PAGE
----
Opinion-trends are similar in France and Germany: 62% of French say it should be the government’s job versus 24% saying it shouldn’t; 54% of Germans say it should versus 31% saying it shouldn't.

Trends in the United States meanwhile are reversed: 50% say it should NOT be the government’s job versus only 32% saying it should.

In much the same fashion, 78% of Britons believe the duty of state includes making sure that rich and poor children have the same chances to get ahead, versus 14% saying it shouldn't. The French and German publics show comparable margins: 77% and 87% respectively say it should be versus 17% and 8% saying it shouldn’t.

A majority of Americans support the proposition, but only just: 50% say it should versus 36% saying the opposite.

Similarly again, 74% of Britons and French, along with 76% of Germans believe the government should ensure every family has a decent basic minimum income, versus 16%, 18% and 16% respectively who say the opposite. The margins in America are also similar again, with 50% saying it should and 37% saying it shouldn’t.

The British and American Right compared

British and American conservatives in this context make for some notable contrasts, as Table 1 shows.

Results suggest that many British conservatives still support certain sweeping responsibilities of state where American conservatives strongly reject them.

63% of current Tory voters, for example, believe that making sure every family has a decent basic minimum income should be part of the government’s job, versus 25% who say the opposite.

Compare this with US conservatives, where only 25% say it should be the government’s job, versus 67% who say it shouldn’t.

Similarly, where 60% of current Tory voters say the government’s job should include ensuring that rich and poor children have the same chances to get ahead, only 22% of US Republicans say the same.

In a separate question we asked to what extent respondents would support an increase in the funding of government programs for helping the poor and unemployed, even if this might raise taxes. 46% of British conservatives still supported the proposition, versus 27% who opposed. Among US conservatives, only 24% chose support versus 59% who opposed. (see the full British results and full US results)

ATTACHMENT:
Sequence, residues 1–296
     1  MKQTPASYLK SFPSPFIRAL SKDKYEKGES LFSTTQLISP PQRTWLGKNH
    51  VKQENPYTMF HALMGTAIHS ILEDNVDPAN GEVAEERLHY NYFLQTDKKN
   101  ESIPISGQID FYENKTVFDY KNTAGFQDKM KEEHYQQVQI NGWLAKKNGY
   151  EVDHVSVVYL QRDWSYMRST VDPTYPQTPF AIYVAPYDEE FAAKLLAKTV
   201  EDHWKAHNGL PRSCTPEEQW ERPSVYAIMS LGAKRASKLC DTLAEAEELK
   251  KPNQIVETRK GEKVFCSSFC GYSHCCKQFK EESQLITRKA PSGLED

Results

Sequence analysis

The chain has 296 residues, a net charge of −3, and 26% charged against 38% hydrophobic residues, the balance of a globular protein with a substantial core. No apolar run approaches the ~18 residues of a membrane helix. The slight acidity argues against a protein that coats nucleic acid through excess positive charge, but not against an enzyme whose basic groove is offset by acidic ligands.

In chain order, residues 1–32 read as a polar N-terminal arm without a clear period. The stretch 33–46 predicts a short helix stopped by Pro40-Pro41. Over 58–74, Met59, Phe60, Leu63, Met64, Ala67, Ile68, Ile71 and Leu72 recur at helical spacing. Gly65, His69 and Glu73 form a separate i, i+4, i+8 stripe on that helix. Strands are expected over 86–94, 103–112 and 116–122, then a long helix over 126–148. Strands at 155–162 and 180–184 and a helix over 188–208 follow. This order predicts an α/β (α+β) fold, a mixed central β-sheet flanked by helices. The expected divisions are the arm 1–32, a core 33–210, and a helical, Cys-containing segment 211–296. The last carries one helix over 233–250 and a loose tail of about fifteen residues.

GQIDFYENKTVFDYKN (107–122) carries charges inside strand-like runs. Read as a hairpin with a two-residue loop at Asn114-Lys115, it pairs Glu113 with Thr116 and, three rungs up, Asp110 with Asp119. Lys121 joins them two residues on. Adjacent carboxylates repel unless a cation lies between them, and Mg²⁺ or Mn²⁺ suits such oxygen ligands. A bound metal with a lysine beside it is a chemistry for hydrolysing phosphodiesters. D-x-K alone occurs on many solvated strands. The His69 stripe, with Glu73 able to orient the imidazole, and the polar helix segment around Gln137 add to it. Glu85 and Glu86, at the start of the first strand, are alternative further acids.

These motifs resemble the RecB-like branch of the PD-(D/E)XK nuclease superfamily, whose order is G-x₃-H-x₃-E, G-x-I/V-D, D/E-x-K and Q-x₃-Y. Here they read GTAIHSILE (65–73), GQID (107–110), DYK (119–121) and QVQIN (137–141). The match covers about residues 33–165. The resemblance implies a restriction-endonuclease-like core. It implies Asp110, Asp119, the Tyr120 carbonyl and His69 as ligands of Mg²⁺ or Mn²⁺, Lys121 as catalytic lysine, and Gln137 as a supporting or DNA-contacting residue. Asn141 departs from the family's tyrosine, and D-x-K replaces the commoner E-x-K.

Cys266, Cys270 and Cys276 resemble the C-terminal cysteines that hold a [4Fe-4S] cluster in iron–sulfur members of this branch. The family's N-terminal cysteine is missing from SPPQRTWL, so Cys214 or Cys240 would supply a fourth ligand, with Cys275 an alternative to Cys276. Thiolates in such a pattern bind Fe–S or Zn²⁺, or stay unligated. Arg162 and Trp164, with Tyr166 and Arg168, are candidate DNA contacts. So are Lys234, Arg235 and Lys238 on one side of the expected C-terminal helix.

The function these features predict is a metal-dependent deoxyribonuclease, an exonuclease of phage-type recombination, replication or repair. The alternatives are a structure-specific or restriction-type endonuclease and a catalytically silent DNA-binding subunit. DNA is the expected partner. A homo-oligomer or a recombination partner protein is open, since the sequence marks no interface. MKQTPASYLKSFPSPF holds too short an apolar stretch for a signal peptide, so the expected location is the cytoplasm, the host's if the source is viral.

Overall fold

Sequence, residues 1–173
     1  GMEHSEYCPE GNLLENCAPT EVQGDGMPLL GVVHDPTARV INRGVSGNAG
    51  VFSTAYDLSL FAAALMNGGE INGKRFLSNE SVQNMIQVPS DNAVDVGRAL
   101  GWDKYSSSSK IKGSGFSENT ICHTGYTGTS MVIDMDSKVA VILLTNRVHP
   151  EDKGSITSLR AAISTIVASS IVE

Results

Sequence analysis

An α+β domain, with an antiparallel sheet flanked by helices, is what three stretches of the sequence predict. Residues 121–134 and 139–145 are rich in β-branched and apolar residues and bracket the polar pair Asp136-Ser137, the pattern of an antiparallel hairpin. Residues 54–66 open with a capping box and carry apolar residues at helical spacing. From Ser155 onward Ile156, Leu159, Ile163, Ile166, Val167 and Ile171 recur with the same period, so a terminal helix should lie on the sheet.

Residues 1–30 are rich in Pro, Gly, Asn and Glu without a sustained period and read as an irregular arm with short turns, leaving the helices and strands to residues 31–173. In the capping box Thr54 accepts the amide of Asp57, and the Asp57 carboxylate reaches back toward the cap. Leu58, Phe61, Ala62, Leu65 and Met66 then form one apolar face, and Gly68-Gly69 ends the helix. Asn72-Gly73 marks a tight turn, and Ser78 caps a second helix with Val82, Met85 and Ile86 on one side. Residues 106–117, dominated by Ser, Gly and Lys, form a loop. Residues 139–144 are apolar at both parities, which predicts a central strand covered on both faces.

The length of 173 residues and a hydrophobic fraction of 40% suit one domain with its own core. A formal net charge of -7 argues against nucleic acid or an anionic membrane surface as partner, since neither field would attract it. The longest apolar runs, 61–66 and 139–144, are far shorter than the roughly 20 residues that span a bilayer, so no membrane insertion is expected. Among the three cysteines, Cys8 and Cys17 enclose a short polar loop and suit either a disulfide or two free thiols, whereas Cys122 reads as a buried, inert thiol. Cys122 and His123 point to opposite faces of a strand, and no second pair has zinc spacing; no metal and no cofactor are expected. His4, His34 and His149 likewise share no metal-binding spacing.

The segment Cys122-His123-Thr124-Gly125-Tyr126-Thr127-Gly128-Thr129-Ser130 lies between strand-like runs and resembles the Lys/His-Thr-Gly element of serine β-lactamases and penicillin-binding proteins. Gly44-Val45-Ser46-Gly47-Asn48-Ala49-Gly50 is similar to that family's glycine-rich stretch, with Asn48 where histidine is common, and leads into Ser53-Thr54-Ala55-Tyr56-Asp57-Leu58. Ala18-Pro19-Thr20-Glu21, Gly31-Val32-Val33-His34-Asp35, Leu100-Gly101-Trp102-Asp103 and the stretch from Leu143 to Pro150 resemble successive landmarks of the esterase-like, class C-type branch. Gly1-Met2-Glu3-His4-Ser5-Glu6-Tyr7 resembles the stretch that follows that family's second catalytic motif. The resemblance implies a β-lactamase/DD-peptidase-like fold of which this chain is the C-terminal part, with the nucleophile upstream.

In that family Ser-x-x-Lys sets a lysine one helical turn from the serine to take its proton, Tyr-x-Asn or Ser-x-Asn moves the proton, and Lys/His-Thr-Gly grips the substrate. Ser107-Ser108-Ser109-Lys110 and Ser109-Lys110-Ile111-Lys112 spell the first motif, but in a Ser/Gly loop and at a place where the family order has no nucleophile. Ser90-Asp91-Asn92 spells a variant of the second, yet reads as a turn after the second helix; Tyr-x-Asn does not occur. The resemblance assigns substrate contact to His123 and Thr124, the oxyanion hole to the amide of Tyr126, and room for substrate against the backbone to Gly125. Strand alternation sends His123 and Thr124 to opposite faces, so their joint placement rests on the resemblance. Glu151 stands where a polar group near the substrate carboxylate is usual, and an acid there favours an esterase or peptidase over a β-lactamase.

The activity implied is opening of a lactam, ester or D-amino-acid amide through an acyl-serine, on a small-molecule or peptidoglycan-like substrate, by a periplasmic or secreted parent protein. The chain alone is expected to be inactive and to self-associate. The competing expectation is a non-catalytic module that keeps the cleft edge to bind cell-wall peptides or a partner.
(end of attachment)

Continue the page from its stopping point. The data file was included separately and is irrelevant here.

Britain is mid-Atlantic on the pay gap

The same study also tested attitudes to the pay gap between high and low salaries, and whether people at the top of the pay scale should be free to earn limitless multiples of those at the bottom.

Respondents were asked whether it was acceptable for someone in their country on a top wage, such as people running a large company or organisation, to earn 20 times more than a low-wage worker. In each country, we expressed the figures in local currencies, so people in Britain were asked if they thought it was acceptable for a high earner to earn £300,000 per year if someone on a low wage is earning £15,000 per year. In the United States the figures were $400,000/$20,000, while in France and Germany they were €400,000/€20,000.

Large majorities in continental Europe said €400,000 was unacceptable – 65% in France and 62% in Germany, versus 26% and 28% respectively saying either this was acceptable or that successful bosses should be allowed to earn still more. In contrast over the Atlantic, 53% of Americans said it was acceptable or that people ‘should be allowed to earn more’, versus 31% saying it was unacceptable. Meanwhile, the British public sits broadly divided and ‘mid-Atlantic’, with 47% saying it was unacceptable versus 42% saying acceptable.

In other words, Britain doesn’t share the same European opposition to supersized and unlimited salaries. But neither does it reflect American support for them.

More in common with the United States?

In a final question added to the British survey, we asked if people thought that Britain ultimately had more in common with the people of the United or Europe.

Interestingly, a plurality of 44% chose the United States versus a smaller 35% who chose Europe.

So it might surprise some to know that Britain still favours European equality over American individualism.

Follow @YouGovCam for updates on our on-going academic research

See the full cross-country results

See the full British results

See the full US results

See the full French results

See the full German results

See the full survey results for our final Thatcher poll